Walter Bender, former president of software and content for the One Laptop Per Child (OLPC) Foundation and founder of Sugar Labs, granted an interview in December 2009 to Wade Roush. Wade’s article is titled, “Sugar Gets Sweeter: Former OLPC Exec Walter Bender on Netbooks, E-books, Blueberry, and Cloudberry.” Bender gave the opening keynote address in both 2008 and 2009 at the Netbook World Summit. I found many of his recommendations as well as insights in this interview noteworthy.

Notebook and Netbook
Creative Commons License photo credit: dmpop

Whether or not students and teachers are presently part of a 1 to 1 learning initiative, the focus of activities which involve computers should regularly extend beyond MEDIA CONSUMPTION. There can be no creativity without content creation. Students should regularly create, communicate, and collaborate with their digital technologies as a part of the formal curriculum both inside and outside the traditional classroom. On this topic, Bender notes:

Netbooks today all look the same, and all do the same thing, and the innovation is really happening on smartphones. So I challenged [2009 attendees at the netbook World Summit] the netbook community to wrestle back their innovative lead, and to frame it in terms of what you can do with a netbook that you can’t do with a phone. At some level, they are all just computers. But a netbook has a bigger screen, it has a keyboard, and there is a certain level of expression and creativity that those affordances give you that you are going to be hard pressed to do on a phone. A lot of people shoot video on a phone, but not many edit video on a phone. On phones, a lot of people type text messages, but very few people write essays. On a phone a lot of people will play a game, but very few will write a game.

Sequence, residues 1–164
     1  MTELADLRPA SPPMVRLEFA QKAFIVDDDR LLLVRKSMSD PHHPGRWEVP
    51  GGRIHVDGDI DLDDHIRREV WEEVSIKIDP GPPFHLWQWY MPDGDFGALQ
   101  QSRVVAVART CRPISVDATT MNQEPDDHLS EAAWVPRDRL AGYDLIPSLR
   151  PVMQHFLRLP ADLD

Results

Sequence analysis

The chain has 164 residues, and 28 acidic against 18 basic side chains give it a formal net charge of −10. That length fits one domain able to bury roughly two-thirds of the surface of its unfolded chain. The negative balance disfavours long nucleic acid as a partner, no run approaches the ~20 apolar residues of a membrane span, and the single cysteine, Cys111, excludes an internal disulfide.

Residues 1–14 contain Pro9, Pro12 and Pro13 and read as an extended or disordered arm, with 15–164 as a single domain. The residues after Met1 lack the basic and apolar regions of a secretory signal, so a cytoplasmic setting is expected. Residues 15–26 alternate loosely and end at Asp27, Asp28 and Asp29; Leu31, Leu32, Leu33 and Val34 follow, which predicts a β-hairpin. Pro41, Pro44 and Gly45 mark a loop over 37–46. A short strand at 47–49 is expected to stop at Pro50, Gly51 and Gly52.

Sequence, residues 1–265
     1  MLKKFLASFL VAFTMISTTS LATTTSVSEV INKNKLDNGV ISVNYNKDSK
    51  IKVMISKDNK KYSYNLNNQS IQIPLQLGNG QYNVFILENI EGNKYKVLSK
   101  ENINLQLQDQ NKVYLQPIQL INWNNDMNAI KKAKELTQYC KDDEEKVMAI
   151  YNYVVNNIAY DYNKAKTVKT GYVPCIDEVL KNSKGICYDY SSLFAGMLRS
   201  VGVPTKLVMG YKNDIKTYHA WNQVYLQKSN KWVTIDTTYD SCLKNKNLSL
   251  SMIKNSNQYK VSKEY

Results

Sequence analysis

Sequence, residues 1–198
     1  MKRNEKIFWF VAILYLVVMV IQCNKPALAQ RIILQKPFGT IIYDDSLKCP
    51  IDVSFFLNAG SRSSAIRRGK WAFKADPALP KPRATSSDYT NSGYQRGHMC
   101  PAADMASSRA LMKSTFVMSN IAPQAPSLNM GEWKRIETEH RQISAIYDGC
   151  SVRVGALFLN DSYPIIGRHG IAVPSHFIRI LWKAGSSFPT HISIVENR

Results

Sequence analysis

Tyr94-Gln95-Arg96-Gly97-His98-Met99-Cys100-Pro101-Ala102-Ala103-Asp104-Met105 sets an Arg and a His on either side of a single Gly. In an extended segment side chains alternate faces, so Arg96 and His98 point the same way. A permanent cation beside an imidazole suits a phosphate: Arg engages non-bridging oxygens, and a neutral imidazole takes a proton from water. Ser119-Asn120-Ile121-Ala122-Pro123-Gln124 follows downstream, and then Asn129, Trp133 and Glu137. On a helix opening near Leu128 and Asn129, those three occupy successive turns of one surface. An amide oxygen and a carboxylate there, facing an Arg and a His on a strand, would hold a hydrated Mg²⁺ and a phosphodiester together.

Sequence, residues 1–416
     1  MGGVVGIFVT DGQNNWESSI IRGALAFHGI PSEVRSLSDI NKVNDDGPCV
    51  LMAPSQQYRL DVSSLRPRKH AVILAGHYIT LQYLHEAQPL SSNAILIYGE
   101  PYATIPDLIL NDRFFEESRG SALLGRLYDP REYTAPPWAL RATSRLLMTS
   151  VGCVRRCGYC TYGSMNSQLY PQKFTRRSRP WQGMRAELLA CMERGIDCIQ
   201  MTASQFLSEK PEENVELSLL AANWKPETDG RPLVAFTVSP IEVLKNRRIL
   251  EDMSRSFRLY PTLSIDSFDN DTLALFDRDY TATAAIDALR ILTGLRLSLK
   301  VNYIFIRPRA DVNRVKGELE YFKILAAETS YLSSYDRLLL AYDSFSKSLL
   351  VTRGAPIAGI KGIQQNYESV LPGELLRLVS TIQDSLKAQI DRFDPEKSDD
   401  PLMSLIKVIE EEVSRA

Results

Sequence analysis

This echos the advice of Nicholas Negroponte in the March 2010 issue of The Rotarian magazine.

On the subject of creativity and how to perceive a netbook, Bender discourages us from getting “…caught up in thinking about netbooks as doing everything that [laptop and desktop] computers do, only less expensive[ly].” These are key ideas. In his January 2010 presentation announcing the iPad, Apple CEO Steve Jobs talked about it as “a third category device.” One of the biggest things the iPad, the iPhone, and the iPod Touch have going for them at this point is the iTunes App Store. Google is expected to launch its own app store for its Android operating system this week. As educators and advocates for engaged digital learning, we need to remember the core focus of these “app stores” is the consumer market, not the educational market and our needs as learners. Certainly there are numerous iPhone / iPod Touch applications which DO have direct and powerful uses for traditional as well as non-traditional learning, but the primary focus of the app stores is high volume, consumer sales. Bender advocates not simply embracing a consumer focus on mobile apps” and doing stuff we’ve always done with laptops, but instead REINVENTING operating systems (like his group continues to do with Sugar) which specifically address the unique needs of education, students and teachers. Bender explains: